After the bus tour I went underground. I don’t have any statistics for this city under the city, but it is huge. At least three levels before you get to the underground transit system and interconnects a significant section of the city. In the winter, when it is minus 10, 20 or more (not temperatures that I ever want to experience) many almost live underground. It is possible, if you live in a city apartment, to leave your home, travel to work, go out for lunch, return to the office, do your shopping on the way home and cook your dinner and not step outside. No wonder the people here embrace the summer and weather where you can be outside, daytime or at night. I managed a little shopping.
I walked the streets back to my hotel and. Had a short rest before heading out around 6.30pm. During the bus tour we were driven through ‘The Village’ and the Latin Quarter, so I headed off to explore them on foot. On my travels I found the local fire station and I couldn’t help myself I had to have a look and chat with the Firies. It is a world-wide club. Before I got to the Latin Quarter I stumbled across a free concert in one of the squares. The music was upbeat and if I was x-years younger then … maybe? I enjoyed watching.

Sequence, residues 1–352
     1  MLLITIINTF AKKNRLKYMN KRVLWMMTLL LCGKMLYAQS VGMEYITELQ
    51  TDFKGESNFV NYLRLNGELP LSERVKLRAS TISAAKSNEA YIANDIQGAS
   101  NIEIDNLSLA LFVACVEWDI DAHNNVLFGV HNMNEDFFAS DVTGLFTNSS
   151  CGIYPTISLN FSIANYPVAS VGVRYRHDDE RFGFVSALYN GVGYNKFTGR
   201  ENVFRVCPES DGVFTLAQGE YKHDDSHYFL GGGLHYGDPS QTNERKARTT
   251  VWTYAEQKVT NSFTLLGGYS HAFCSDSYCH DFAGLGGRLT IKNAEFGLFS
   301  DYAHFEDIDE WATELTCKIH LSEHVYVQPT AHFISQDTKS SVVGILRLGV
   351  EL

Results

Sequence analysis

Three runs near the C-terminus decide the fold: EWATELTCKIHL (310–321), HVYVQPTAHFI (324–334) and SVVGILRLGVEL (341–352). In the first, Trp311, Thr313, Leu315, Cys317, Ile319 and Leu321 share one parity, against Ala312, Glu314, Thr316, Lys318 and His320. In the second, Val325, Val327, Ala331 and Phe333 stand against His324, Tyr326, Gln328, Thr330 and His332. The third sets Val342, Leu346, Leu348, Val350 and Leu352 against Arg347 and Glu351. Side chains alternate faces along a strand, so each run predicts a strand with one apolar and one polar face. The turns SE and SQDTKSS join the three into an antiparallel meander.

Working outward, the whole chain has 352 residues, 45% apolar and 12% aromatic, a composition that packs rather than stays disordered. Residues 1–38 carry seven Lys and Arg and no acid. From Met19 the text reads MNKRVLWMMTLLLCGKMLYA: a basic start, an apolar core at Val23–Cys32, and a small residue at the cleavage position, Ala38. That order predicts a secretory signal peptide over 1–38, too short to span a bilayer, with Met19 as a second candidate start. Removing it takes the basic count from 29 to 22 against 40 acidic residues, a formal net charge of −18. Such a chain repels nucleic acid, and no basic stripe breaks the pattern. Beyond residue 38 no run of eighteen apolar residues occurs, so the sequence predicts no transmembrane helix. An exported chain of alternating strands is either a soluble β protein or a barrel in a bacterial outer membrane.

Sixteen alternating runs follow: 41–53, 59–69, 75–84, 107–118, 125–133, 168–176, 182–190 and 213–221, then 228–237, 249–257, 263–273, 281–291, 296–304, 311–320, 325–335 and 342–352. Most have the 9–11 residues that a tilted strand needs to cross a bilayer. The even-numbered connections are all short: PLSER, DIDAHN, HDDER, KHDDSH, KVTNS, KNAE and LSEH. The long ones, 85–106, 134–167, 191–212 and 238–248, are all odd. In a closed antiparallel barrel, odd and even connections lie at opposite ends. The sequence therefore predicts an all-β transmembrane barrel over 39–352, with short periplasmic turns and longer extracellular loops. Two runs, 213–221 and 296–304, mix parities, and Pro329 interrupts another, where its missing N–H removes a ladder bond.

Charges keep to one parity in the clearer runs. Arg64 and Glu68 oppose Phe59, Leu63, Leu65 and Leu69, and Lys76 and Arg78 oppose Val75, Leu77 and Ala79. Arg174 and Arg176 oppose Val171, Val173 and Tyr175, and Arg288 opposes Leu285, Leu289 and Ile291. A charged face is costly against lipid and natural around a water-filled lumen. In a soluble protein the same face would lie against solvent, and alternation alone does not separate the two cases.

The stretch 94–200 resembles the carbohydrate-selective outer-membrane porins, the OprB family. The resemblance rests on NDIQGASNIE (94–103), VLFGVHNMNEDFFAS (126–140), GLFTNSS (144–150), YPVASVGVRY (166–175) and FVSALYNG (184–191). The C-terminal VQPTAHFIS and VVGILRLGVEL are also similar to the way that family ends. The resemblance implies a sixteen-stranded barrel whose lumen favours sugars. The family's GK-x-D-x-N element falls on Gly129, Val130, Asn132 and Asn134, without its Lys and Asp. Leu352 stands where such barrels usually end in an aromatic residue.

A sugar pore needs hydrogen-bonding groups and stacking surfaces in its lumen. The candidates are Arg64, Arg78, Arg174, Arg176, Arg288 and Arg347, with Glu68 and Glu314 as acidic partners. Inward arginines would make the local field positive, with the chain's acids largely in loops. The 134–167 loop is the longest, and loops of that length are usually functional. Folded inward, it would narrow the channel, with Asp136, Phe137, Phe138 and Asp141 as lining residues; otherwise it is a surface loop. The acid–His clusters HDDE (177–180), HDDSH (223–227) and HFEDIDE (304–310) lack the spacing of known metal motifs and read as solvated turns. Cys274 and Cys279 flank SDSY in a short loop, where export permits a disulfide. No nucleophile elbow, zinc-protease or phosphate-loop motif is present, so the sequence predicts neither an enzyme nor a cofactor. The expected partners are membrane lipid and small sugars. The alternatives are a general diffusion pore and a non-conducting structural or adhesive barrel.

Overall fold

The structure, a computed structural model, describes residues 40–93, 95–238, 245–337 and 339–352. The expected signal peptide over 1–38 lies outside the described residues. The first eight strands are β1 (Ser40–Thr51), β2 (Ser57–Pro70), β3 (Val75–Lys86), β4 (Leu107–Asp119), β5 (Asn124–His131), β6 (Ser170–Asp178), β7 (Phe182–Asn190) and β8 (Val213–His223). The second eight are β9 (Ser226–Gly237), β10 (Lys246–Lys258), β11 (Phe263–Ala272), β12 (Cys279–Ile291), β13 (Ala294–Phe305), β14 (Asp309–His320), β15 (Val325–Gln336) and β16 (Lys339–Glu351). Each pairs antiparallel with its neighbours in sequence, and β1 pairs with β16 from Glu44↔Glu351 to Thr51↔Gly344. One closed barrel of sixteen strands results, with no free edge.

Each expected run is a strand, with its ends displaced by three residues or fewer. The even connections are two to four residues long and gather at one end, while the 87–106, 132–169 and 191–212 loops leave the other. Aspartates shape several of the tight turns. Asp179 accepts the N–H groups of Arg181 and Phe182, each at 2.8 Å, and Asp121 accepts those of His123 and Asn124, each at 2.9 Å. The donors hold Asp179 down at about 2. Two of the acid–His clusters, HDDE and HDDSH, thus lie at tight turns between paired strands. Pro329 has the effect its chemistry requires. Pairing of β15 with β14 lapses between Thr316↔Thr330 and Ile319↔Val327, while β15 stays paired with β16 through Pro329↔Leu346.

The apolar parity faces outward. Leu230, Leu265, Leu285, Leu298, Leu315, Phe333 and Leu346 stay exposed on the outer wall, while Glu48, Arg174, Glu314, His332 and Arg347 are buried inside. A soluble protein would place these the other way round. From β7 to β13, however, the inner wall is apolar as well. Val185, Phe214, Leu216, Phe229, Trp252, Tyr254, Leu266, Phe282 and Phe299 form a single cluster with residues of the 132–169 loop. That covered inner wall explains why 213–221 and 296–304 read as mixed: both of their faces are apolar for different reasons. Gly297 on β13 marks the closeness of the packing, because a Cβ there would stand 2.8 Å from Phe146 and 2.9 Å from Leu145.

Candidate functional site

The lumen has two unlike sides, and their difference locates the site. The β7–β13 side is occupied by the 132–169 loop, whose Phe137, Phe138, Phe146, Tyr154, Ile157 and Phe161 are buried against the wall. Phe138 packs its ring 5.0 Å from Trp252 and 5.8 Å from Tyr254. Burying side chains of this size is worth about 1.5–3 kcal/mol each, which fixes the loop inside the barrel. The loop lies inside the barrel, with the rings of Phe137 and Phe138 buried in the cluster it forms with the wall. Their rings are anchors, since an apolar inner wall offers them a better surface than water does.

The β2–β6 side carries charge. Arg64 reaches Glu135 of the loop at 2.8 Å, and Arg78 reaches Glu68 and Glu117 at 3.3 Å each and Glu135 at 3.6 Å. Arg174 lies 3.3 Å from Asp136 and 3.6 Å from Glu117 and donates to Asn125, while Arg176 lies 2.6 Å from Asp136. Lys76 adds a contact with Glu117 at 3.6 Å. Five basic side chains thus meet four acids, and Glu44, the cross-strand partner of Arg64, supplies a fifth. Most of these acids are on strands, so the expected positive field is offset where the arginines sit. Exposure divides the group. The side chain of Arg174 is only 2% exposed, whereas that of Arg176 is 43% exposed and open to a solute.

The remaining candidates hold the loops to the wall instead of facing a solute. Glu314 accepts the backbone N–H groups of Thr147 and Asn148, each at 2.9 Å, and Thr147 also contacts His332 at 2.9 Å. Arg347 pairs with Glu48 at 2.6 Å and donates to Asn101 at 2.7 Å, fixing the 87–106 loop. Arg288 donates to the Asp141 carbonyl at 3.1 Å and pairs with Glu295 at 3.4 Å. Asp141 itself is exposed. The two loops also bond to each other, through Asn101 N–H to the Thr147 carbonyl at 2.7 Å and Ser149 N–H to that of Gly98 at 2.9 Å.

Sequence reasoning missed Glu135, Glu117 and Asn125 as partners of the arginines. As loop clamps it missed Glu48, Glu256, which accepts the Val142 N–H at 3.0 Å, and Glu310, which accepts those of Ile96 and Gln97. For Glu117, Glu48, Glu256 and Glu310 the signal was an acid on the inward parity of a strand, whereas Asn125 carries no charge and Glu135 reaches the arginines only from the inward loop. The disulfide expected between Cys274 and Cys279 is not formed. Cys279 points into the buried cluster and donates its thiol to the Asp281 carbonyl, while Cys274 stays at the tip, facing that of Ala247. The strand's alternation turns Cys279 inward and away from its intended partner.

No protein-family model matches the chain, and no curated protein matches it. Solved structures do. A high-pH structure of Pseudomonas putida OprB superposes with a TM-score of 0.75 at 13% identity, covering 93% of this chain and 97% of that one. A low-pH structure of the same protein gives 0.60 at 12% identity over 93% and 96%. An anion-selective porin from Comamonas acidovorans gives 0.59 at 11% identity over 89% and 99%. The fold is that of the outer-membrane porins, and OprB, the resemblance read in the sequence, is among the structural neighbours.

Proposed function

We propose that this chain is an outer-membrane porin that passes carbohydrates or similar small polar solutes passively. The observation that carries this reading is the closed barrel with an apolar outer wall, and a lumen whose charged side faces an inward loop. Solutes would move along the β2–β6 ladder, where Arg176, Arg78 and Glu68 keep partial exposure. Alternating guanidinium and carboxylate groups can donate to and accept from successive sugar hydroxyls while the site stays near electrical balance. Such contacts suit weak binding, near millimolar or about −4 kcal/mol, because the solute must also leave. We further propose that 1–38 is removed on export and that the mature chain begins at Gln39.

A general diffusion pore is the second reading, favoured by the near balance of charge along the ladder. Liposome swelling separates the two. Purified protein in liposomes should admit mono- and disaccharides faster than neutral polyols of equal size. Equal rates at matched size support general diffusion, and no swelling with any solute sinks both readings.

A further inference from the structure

The Latin Quarter was packed with people, and cafes, bars and restaurants spilled in to the streets. There was hardly an empty table and at some venues people lined up waiting. Talk about pressure on having a quiet relaxing dinner when you have hungry hoards staring at every mouthful you take. Don’t order another wine or beer.
One of the 66 Fire Stations
The Lating Quarter
‘The Village’ with strings of balls as decorations
Fashion Montréal style
First Nation ‘fashion’ and dance